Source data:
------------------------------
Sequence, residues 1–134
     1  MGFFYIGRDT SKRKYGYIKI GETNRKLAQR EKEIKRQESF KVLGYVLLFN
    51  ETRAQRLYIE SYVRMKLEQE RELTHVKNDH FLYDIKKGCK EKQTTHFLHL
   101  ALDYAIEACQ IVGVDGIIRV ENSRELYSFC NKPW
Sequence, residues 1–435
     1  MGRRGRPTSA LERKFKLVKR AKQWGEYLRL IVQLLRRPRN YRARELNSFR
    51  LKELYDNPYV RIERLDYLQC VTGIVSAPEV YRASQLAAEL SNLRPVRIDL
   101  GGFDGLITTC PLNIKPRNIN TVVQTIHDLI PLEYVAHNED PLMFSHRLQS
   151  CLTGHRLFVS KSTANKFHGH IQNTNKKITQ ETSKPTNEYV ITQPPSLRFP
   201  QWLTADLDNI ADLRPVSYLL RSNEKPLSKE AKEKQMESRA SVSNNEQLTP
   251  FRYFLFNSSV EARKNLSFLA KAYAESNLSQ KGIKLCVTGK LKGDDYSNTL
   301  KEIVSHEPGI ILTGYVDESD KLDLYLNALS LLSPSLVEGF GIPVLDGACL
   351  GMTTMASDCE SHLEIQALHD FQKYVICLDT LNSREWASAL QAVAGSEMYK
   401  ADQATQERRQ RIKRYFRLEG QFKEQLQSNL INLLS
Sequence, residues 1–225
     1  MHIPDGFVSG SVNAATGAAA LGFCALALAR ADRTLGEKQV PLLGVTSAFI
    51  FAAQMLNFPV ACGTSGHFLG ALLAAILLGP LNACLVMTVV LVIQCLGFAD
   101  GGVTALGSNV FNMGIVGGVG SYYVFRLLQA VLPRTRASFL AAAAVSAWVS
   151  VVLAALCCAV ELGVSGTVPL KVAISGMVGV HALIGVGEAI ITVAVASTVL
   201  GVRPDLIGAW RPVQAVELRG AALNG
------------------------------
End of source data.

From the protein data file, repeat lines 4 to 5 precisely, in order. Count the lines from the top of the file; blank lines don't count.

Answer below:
   101  ALDYAIEACQ IVGVDGIIRV ENSRELYSFC NKPW
Sequence, residues 1–435